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  20. Moral knowledge by perception.Sarah McGrath - 2004 - Philosophical Perspectives 18 (1):209–228.
    On the face of it, some of our knowledge is of moral facts (for example, that this promise should not be broken in these circumstances), and some of it is of non-moral facts (for example, that the kettle has just boiled). But, some argue, there is reason to believe that we do not, after all, know any moral facts. For example, according to J. L. Mackie, if we had moral knowledge (‘‘if we were aware of [objective values]’’), ‘‘it would have (...)
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  21.  4
    The Possibilities of Indigenous Inquiry and Third Space Youth Development Work – Towards Decolonising Praxis.Sarah Williams & Seuta'afili Gregg Morris - 2024 - Ethics and Social Welfare 18 (2):177-194.
    Despite theorisation and consistent Pracademic (academics who are also practitioners) contributions to the concepts of truth-telling and decolonising epistemologies in the fields of activist research, there remains ongoing need for articulating the everyday praxis and positionality of empirical work. This paper considers the practice of two intercultural Australian-based practitioners’ examination of the ethical practices towards decolonising praxis as a contributor to third-space youth development which considers the space between participants. First Nations terminology is drawn on to explore the empirical nature (...)
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  22. Generics: Cognition and acquisition.Sarah-Jane Leslie - 2008 - Philosophical Review 117 (1):1-47.
    Ducks lay eggs' is a true sentence, and `ducks are female' is a false one. Similarly, `mosquitoes carry the West Nile virus' is obviously true, whereas `mosquitoes don't carry the West Nile virus' is patently false. This is so despite the egg-laying ducks' being a subset of the female ones and despite the number of mosquitoes that don't carry the virus being ninety-nine times the number that do. Puzzling facts such as these have made generic sentences defy adequate semantic treatment. (...)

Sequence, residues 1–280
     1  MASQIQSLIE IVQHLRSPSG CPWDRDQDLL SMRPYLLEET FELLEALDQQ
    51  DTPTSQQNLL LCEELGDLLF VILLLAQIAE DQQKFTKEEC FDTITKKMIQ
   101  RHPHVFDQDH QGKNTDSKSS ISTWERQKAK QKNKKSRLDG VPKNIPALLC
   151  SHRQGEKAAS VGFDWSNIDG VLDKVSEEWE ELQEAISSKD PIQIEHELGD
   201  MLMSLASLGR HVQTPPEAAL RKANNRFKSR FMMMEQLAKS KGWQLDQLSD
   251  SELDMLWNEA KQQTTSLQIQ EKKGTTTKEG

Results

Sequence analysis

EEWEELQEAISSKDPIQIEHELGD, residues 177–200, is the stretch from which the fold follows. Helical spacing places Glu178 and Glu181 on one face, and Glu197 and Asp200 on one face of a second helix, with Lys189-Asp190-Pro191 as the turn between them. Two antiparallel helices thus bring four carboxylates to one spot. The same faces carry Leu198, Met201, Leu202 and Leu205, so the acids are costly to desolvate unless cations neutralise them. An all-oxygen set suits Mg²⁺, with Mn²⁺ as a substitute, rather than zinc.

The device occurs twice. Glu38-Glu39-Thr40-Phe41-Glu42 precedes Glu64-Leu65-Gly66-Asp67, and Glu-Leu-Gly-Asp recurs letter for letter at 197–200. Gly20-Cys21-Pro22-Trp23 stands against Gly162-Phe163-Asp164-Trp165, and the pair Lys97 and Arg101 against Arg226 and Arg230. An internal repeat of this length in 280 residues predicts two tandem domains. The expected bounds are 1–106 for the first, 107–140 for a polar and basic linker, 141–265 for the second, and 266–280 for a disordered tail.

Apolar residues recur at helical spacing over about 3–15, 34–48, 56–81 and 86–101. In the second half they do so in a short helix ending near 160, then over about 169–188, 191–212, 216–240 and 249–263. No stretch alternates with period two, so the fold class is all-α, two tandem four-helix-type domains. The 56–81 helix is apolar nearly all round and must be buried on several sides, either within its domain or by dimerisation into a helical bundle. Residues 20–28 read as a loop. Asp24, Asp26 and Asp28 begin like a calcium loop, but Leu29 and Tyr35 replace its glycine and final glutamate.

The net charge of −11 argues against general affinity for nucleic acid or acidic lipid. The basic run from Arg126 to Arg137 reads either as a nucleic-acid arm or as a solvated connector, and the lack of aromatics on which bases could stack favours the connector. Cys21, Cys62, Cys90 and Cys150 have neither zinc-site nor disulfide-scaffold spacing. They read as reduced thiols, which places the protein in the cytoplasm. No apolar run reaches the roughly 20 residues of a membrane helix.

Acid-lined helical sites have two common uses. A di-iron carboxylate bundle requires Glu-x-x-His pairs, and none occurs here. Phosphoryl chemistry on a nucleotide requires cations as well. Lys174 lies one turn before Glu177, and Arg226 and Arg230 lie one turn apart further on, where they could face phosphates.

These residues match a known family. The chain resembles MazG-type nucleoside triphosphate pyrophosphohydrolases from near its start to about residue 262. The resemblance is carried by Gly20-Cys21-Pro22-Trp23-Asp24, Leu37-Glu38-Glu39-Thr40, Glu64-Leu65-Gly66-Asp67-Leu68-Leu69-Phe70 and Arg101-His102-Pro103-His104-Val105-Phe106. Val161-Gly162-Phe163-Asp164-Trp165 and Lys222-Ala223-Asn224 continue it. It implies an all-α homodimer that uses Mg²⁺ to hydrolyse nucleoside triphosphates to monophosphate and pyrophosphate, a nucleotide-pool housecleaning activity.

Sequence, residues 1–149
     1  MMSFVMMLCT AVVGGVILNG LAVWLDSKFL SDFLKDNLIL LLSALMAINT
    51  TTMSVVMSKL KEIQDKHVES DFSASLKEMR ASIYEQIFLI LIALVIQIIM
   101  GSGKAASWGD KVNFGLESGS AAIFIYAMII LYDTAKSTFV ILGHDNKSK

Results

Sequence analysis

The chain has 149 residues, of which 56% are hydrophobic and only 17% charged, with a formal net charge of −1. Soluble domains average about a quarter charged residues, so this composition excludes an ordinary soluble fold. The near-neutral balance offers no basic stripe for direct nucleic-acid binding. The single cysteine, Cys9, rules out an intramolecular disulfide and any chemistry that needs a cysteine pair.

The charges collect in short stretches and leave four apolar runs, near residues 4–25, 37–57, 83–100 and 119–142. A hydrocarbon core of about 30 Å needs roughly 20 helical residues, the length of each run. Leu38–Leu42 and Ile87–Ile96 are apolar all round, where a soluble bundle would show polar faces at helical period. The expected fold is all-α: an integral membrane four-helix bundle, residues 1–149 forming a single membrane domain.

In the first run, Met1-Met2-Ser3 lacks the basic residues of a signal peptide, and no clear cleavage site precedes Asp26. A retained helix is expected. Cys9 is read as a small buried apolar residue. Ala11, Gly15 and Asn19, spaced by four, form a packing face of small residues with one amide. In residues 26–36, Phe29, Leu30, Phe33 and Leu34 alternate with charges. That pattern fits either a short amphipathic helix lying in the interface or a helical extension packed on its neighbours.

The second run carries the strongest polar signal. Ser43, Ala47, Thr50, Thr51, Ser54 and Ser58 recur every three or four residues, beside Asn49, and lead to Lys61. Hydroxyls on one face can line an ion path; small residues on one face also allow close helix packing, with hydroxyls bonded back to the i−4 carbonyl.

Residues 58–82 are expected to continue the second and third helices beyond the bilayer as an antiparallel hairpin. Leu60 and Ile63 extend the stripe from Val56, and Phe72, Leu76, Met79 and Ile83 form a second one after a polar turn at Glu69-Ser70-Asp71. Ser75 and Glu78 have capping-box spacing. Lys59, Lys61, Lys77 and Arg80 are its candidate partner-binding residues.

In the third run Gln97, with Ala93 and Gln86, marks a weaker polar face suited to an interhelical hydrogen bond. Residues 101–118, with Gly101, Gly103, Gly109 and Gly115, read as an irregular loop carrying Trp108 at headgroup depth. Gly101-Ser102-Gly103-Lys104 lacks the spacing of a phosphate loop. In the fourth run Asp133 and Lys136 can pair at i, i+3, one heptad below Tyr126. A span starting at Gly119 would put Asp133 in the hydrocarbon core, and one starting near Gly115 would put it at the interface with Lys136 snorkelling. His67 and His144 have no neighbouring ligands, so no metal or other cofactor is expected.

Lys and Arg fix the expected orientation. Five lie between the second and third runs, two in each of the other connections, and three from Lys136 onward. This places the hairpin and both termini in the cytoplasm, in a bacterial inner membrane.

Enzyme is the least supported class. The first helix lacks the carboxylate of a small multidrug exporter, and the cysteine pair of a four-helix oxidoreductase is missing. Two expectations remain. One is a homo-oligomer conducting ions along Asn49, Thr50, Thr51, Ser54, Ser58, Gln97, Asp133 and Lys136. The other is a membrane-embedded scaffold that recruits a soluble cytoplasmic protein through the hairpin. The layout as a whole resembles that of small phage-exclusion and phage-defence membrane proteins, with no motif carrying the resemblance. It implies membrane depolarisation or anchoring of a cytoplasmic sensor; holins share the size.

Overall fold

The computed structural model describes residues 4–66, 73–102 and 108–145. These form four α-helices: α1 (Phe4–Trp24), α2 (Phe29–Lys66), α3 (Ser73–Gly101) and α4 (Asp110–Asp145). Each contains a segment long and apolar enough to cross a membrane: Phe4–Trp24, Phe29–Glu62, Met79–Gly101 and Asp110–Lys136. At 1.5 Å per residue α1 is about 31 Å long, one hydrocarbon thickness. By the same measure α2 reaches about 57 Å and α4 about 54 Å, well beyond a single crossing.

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  23.  9
    The executioner’s shadow: Coerced sterilization and the creation of “Latin” eugenics in Chile.Sarah Walsh - 2022 - History of Science 60 (1):18-40.
    Scholars such as Nancy Leys Stepan, Alexandra Minna Stern, Marius Turda and Aaron Gillette have all argued that the rejection of coerced sterilization was a defining feature of “Latin” eugenic theory and practice. These studies highlight the influence of neo-Lamarckism in this development not only in Latin America but also in parts of Europe in the first half of the twentieth century. This article builds upon this historiographical framework to examine an often-neglected site of Latin American eugenic knowledge production: Chile. (...)
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  24. Credal Dilemmas.Sarah Moss - 2014 - Noûs 48 (3):665-683.
    Recently many have argued that agents must sometimes have credences that are imprecise, represented by a set of probability measures. But opponents claim that fans of imprecise credences cannot provide a decision theory that protects agents who follow it from foregoing sure money. In particular, agents with imprecise credences appear doomed to act irrationally in diachronic cases, where they are called to make decisions at earlier and later times. I respond to this claim on behalf of imprecise credence fans. Once (...)
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  25.  27
    Divine Hiddenness.Veronika Weidner - 2021 - Cambridge University Press.